Adult Japanese beetles seldom become a problem when gardeners are following a regular spray schedule for the control of other insects. But if you find yourself battling the beetles, persistence and the right insecticides are the key to controlling the rose-munching pests.
You can protect the foliage and fruit of most plants by spraying them with insecticides like sevin or malathion. Unfortunately, insecticides will not fully protect roses as they unfold too fast and are especially attractive to beetles.
When beetles are abundant on roses, clip the buds off and spray the bushes to protect the leaves. When the beetles become scarce, let the bushes bloom again. Limited numbers of rose blooms for show purposes can be protected from beetle damage by tying perforated plastic bags or netting over the buds before the beetles appear.
When it comes to tackling Japanese beetles, timeliness and thoroughness are very important. Begin treatment as soon as soon as the beetles appear, before they can do any damage. Use insecticides only on plants for which they are designed, and follow all of the directions on the insecticide’s label. Apply insecticides thoroughly, so that all parts of the plant are covered. More than one application may be necessary to maintain protection, especially of new foliage and ripening fruit. Most Japanese beetle insecticides will control the insects for about a week, but additional applications may be necessary after heavy rains.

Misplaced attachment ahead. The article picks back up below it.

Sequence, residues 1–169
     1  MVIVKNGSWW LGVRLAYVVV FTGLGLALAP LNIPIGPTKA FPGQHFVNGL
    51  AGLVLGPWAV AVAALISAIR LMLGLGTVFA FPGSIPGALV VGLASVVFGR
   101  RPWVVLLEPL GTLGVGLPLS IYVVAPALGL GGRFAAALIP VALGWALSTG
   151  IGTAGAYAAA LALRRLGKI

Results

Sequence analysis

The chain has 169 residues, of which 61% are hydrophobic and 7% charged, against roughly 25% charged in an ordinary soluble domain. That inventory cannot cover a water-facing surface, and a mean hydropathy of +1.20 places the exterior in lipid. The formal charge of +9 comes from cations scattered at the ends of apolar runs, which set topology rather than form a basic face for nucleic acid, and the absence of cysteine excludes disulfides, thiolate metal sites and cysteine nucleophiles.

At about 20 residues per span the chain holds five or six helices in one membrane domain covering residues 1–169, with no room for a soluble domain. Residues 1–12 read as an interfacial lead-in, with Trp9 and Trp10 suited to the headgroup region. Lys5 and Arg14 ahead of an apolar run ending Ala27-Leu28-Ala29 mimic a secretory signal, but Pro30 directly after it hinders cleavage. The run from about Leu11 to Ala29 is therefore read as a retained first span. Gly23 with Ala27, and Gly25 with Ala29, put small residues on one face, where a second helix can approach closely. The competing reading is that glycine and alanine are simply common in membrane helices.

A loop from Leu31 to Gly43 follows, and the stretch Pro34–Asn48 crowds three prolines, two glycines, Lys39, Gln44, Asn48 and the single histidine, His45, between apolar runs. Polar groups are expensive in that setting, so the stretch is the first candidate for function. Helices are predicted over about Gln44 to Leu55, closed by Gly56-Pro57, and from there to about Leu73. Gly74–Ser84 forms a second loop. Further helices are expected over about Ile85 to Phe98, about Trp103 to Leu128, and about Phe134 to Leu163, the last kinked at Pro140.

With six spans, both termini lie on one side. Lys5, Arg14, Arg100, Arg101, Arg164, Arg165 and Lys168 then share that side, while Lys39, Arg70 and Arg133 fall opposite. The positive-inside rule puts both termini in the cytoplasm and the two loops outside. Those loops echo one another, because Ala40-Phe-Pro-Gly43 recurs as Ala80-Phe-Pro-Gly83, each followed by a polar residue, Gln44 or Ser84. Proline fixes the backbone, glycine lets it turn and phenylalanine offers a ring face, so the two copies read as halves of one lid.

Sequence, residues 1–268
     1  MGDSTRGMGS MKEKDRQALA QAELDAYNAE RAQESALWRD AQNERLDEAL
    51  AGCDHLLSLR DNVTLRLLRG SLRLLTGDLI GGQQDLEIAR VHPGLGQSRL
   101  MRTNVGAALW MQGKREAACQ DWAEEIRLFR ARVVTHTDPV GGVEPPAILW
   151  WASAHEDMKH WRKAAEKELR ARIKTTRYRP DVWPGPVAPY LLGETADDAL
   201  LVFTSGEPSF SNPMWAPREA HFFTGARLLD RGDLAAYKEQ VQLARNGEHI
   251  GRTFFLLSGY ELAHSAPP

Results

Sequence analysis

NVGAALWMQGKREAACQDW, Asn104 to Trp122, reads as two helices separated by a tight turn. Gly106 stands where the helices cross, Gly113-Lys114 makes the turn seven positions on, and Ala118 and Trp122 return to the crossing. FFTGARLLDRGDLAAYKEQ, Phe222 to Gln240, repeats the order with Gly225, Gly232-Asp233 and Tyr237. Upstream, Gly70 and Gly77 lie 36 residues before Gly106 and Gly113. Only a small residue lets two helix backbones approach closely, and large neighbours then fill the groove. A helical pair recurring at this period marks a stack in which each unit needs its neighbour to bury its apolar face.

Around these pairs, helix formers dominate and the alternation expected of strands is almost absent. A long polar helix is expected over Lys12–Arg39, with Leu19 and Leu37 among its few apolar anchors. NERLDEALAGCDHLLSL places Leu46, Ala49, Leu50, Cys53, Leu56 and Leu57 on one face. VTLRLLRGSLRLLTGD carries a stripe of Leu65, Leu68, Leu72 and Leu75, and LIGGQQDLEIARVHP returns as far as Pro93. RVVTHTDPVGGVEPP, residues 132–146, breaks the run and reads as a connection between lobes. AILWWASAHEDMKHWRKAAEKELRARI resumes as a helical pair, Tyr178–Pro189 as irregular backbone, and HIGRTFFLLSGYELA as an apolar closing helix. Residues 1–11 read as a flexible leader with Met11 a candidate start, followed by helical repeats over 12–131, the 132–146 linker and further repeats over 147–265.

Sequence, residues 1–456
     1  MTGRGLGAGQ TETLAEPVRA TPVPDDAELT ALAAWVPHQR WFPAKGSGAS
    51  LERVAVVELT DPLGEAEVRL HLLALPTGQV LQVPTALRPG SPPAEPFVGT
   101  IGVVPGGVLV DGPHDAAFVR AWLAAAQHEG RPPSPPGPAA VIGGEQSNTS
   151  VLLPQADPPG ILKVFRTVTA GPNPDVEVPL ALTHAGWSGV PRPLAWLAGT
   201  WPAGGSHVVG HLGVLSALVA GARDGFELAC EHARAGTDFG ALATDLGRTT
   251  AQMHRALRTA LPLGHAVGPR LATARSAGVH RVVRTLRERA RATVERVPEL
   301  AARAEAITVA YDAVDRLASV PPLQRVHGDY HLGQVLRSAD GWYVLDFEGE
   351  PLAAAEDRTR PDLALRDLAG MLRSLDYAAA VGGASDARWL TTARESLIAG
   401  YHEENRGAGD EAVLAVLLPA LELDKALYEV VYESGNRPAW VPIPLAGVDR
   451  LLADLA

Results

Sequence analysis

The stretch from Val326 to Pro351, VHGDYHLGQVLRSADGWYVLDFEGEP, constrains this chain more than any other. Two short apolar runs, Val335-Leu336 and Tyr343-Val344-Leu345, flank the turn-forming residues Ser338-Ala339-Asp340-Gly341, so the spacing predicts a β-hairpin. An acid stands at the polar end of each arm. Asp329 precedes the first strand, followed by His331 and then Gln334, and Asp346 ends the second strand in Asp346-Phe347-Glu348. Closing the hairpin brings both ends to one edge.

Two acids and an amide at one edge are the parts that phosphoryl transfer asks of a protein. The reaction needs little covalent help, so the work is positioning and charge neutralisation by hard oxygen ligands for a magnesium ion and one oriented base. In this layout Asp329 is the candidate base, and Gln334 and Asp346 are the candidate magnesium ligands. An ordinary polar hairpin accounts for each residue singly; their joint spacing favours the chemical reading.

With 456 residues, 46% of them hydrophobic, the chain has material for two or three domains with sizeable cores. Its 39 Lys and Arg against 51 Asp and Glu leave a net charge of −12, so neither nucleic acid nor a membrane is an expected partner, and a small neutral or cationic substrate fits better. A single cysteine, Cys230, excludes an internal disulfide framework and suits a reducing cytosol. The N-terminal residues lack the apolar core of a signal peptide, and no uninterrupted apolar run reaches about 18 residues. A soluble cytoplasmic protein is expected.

When insecticides are applied to edible plants, it is important to observe the required waiting period between the last application and harvest. This is specified on the insecticide container label. To be doubly safe, always wash edible plant parts before cooking or eating them.
Japanese beetle traps impress a lot of home gardeners, but they may not always be effective.
These traps work by attracting beetles and can actually increase the number of beetles you are fighting against.
However, they can work well if you are trying to draw the beetles out of a small area like a rose or vegetable garden. In that case, place the traps on the outer edges of you garden to lure the beetles away from your prize plants.
(Frank Watson is the University of Georgia Extension agent in Wilkes County, Ga.)